Jennifer: Well, on the Diane note: let’s talk. Diane could absolutely carry this novel as the protagonist, and the adult narrator might allow for more depth in the handling of the Big Issues (and I agree with your assessment of their treatment here—I think, especially, the “driving while black” story felt a little thrown in, a little too lightly treaded upon). But, interestingly, Sumner chose to have Diane’s daughter tell the story. Which raises questions. Why did she choose this? Sumner is a smart writer, so we know it’s a deliberate, crafted choice. Why a child/tween narrator? Whose story is this, really? I think it’s Diane’s. Why isn’t Diane telling it? Is it like Gatsby and Nick? Is it not Diane narrating because we have five million first person stories told by delightfully single women? (Wait, did I write one?) Is this a strength or a weakness in the novel?

Lara: You raise good questions. Aris may not actually be twelve-and-a-half. That’s one of the book’s mysteries that is hinted at in the Introduction, and it leaves me wondering if the book is actually being written by Diane. But that might just be too confusing? What do you think? Here’s the Introduction.

“Prologue skippers may be inclined to skip introductions as well, but my editors have suggested that this novel contains a minor flaw, which I might want to fix before it goes up for the Pulitzer Prize. The problem, as they see it, is that no 12.5-year-old could write this story. Allow me to propose that as a fictional character, I exist in the fourth dimension of reality in which space and time have collapsed into an instantaneous and infinite experience that is itself, in accordance with Einstein’s theory of relativity (E=mc2), nothing more than an illusion.

Or I could be lying about my age.”

Jennifer: I’m puzzled by it, frankly. I’m puzzled why the editors let it go, and I’m puzzled why a self-aware Sumner felt strongly enough about it to keep Aris twelve. What is the virtue of a twelve-year-old narrator?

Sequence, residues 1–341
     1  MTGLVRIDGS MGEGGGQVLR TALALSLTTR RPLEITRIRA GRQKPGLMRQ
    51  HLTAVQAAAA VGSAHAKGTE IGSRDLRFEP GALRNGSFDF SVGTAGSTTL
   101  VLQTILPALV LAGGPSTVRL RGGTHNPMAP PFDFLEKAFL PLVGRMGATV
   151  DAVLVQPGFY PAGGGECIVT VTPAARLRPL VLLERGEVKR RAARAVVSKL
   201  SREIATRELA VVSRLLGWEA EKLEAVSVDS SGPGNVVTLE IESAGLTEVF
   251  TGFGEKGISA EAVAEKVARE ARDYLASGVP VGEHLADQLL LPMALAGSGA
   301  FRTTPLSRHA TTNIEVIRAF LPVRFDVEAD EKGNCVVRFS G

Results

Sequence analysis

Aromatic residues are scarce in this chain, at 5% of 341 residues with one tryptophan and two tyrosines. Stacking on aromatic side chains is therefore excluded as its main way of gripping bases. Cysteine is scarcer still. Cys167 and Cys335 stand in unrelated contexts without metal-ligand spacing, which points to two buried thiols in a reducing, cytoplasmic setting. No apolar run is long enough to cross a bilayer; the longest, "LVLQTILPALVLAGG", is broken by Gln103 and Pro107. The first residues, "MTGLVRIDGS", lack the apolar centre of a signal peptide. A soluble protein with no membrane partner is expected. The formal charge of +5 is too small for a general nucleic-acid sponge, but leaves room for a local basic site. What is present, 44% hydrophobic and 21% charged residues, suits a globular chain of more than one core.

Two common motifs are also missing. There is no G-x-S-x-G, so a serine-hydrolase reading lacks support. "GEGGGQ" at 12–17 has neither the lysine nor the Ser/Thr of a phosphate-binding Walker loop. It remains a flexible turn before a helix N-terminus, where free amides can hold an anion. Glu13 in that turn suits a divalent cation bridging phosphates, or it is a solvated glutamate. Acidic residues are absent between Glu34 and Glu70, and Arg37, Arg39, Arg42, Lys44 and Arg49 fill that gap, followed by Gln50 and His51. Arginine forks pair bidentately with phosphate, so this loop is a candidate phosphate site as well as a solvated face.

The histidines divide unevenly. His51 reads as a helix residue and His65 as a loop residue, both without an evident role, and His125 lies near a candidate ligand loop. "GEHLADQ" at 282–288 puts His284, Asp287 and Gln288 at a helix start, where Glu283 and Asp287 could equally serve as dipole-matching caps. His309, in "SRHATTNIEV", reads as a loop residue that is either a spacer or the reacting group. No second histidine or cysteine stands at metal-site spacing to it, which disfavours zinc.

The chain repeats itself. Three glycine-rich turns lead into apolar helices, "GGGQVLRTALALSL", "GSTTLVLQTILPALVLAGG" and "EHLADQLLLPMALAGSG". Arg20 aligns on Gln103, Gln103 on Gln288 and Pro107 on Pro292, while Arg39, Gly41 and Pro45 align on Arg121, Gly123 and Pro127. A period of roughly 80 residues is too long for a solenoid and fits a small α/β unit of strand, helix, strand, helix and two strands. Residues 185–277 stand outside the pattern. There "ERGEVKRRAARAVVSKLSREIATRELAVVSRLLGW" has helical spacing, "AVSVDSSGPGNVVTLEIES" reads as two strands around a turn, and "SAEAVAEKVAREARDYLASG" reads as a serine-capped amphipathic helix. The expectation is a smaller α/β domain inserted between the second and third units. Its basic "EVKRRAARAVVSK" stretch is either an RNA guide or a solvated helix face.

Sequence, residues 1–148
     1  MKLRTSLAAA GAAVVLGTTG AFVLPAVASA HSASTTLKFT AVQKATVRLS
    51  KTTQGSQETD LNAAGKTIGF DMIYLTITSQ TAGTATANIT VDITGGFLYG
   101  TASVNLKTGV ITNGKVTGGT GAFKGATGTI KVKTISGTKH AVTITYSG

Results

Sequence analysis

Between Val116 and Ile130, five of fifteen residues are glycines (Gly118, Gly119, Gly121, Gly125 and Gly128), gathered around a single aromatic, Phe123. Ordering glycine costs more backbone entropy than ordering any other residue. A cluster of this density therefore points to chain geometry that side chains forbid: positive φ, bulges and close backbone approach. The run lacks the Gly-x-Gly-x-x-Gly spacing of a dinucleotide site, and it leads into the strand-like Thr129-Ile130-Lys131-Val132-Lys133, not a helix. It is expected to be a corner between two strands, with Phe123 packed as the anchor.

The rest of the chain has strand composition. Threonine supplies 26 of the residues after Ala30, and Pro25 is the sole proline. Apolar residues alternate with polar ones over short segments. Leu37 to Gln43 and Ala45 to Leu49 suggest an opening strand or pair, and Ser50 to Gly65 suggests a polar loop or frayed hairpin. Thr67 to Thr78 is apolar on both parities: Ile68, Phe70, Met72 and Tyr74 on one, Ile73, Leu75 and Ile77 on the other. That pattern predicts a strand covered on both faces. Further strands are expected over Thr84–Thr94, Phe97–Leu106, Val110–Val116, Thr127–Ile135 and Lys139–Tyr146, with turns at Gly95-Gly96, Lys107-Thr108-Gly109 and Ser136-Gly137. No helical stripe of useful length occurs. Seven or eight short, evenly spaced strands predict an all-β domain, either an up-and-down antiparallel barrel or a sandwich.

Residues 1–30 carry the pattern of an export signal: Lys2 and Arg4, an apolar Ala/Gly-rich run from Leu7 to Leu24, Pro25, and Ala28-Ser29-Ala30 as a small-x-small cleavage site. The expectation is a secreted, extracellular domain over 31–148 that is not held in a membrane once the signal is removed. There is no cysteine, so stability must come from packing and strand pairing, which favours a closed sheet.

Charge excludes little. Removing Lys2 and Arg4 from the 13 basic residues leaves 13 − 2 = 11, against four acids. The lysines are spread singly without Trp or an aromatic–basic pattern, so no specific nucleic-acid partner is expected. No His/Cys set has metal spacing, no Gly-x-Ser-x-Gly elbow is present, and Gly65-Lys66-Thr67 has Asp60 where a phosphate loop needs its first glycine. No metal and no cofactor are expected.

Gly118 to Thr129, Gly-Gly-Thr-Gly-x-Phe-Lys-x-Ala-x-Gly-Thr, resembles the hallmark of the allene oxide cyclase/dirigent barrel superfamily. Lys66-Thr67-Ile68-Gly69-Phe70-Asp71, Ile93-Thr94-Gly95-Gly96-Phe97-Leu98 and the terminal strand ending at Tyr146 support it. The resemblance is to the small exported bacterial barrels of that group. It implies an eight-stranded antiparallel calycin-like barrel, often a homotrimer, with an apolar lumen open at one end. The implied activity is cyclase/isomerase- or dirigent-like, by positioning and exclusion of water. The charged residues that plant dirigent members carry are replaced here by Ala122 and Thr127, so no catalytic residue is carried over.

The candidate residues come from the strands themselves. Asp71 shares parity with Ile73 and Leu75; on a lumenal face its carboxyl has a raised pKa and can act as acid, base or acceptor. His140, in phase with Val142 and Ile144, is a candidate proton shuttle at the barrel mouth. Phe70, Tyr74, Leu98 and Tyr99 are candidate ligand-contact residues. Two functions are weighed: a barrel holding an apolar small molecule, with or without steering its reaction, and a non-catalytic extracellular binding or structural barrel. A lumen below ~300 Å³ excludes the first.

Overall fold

At any rate, I think I want to point out the readability of this book. The pacing is strong. There are no dull moments. The characters are likeable.

So, I just have a few things I’d comment on.

Aris’s use of social media as it relates to boys: No. I don’t know. Is it me? Is this what 12.5 year-olds are doing? It’s mild—I don’t want to give our readers the wrong impression. But no.

The use of Diane’s journals, which are excerpted sometimes—albeit briefly—and become pivotal plot points: Yes. I liked this. But again, Diane interested me the most.

Aris’s novel-writing under the direction of a writing book: Clever. This imposes a nice structure on the story, and it allows for personal growth in Aris.

Penn: Yes. Who wouldn’t like Penn?

Lara: I cannot even begin to respond to you when you wrote the possessive Aris as Aris’s. It should be Aris’. You have asked me not to correct it. Let the record reflect that your way is wrong. It’s almost grammar blasphemy. I came around on the whole Oxford comma, but I’m not caving in on this on. Not for a second.

Jennifer: Well, know that I’m totally okay with you telling me I’m wrong. You’re wrong this time. That’s okay, friend. As long as you understand that I’m teaching the next generation to punctuate correctly.

Lara: Let me try to get back to the book now, since that is why we are here.

Okay, the pacing is great. Sumner’s prose and attention to detail are sharp. And her use of humor is pitch perfect. Check out this gem:

“Grandma is the only Montgomery who doesn’t have a handshake, but ladies in the South don’t shake hands. Instead, they fold their cool fingers over yours and press ever so gently, leaning in close until you smell breath mints and the dab of eau de toilette behind each ear. Then they say something awful. A few days after Joe died, Grandma knelt beside Diane’s bed and folded her fingers over her hand. After looking into her eyes for a moment, she whispered, “Why didn’t he ever have a better job?”’

Isn’t that just a perfect moment?

Jennifer: It is! And here’s a nice gem, some writing advice that Diane gives to her class:

“[I]f the writer who finishes the essay is the same person who started it, he has failed . . .”

I really like that, and I need to take that to heart in my own writing, and I need to steal it to use when teaching.

 Lara: That’s great advice. My advice, if you want a good—albeit slightly flawed—book for an upcoming weekend, then check out How to Write a Novel, a nice pick.

Next Up!

We return in October to dish on Americanah by Chimamanda Ngozi Adichie, one of 2013’s highly acclaimed novels. Until then, happy reading!


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One Comment

  1. Karen Eisenbraun February 1, 2016 at 11:21 am - Reply

    Hmmmm I may have to check this one out. I, too, have done a Peace Corps stint in Africa and I, too, am writing a novel. This looks like a fun read.

    Also I agree with Jennifer that the possessive of Aris is Aris’s. 😀